A new paper edited [AAU]

REcall Venice: Exploring disciplines of visual literacy through difficult cultural heritage 
Tenna Doktor Olsen Tvedebrink, Anna Marie Fisker & Hans Ramsgaard Møller 

Visual Literacies 7th Global Conference: Exploring Critical Issues (Athens 2013)

 

Abstract 
According to James Elkin visual literacy is interpreted as material representations, which communicate knowledge and create insight through their visual appearance. Based on the EU Cultural Heritage project ‘REcall’, we argue that visual literacy also can relate to interdisciplinary knowledge rooted in architectural environments.

Our paper takes departure in the project ‘REcall’ that seeks to formulate a new role of the architectural environment based on invigorated research on the cultural landscapes of WWI and WWII. Based on interdisciplinary workshops employing creative approaches and tools; artists, architects, museologists and archeologists question the role of architectural environments when dealing with war heritage. Today there are still traces left from WWII in the European architectural environments, traces that by visual literacy represent unpleasant memories. However, these visual literacies have shaped our environment, yet, slowly the collective memories are fading as the physical signs vanish. As time moves on, the visual literacies become merely fictive if nothing is done to preserve them, but what knowledge should be told?

Our thesis is that there is a link between war memories and cultural identity. Our paper deals with the difficult war heritage, and we explore how we can use visual literacy to move beyond the critical local context into general constructs, and further how visual literacy is connected to the visual thinking. On the background of the ‘REcall Venice’ and ‘REcall Falstad’ projects, we advocate that new actions recalling the visual literacies might prevent knowledge from being forgotten. In order to communicate meaningful knowledge about the past with caution and decency, we explore how this recalling is based on the practical interdisciplinary process of “historicization” using the visual literacies rooted in the architectural environment to interpret and reconstruct history, facts, form and fiction. A curriculum design in, or across disciplines connected to and through visual literacy.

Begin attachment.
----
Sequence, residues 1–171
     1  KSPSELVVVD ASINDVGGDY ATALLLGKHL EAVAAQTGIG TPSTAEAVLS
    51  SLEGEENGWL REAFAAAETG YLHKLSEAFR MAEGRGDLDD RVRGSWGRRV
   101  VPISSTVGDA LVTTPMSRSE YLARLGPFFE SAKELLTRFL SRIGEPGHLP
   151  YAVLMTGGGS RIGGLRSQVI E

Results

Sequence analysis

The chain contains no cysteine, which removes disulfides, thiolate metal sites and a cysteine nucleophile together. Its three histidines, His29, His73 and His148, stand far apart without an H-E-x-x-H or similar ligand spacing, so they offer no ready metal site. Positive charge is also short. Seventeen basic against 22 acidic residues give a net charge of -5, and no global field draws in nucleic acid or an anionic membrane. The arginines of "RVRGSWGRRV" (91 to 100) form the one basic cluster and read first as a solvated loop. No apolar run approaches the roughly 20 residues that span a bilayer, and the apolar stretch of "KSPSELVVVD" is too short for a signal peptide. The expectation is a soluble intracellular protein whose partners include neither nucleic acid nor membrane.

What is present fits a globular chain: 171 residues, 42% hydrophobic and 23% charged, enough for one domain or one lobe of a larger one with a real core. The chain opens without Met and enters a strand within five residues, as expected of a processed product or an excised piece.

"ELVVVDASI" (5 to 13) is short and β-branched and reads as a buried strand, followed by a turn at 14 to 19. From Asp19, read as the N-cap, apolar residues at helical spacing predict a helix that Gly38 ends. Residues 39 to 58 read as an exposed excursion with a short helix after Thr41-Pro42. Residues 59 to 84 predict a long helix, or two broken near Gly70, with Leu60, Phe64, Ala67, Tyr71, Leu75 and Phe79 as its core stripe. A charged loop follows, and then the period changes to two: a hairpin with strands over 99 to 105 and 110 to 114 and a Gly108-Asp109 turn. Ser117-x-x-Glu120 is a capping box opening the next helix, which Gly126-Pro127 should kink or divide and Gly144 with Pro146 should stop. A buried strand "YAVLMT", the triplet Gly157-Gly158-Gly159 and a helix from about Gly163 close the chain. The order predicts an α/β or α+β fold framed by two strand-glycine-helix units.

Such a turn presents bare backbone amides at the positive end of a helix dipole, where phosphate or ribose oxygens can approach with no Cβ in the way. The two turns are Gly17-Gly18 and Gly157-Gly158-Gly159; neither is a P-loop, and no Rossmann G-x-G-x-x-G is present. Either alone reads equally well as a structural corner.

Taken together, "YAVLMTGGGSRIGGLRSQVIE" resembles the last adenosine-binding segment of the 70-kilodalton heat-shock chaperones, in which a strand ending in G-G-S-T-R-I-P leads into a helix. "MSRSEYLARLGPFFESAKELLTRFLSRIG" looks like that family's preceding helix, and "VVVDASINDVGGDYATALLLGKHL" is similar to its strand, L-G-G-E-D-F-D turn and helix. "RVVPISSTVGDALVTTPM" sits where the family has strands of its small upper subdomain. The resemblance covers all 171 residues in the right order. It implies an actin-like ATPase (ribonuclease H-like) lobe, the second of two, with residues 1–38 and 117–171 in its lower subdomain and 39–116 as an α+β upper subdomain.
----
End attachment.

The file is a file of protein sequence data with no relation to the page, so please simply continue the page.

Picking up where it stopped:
Key Words: Visual literacies, architectural environment, interdisciplinary, art, archaeology, museology, architecture, difficult heritage, collective memory.

Download the full paper here or read it on REcall-project ISSUU page

a new paper edited [POLIMI]

Re-appropriation: Museography for Traumatic Memories

by Michela Bassanelli, Gennaro Postiglione
in: Int AR – Difficult Memories: Reconciling Meaning, Vol. 4/2013

 

abstract

In the debate on Contemporary Memory, two are the terms included constantly in the incipit of the major works of the literature on this topic: obsession and hypertrophy (Huyssen 2003, Agazzi and Fortunati 2007, Macdonald 2009). The theme of Memory has become a subject of discussion in different fields of knowledge: from social to biomedical sciences, from visual culture to media. In the last ten years the critics (Caruth 1995, Antze and Lambekm 1996, Edkins 2003) have focused on a particular aspect of Memory of traumatic and painful events: “If the 1980s were the decade of a happy postmodern pluralism, the 1990s seemed to be haunted by trauma as the dark underside of neoliberal triumphalism” (Huyssen 2003, 8).

Key Words: conflict archaeology, museography, architecture, difficult heritage, collective memory, exhibition design

Read the full paper here or browse REcall-project publications on ISSUU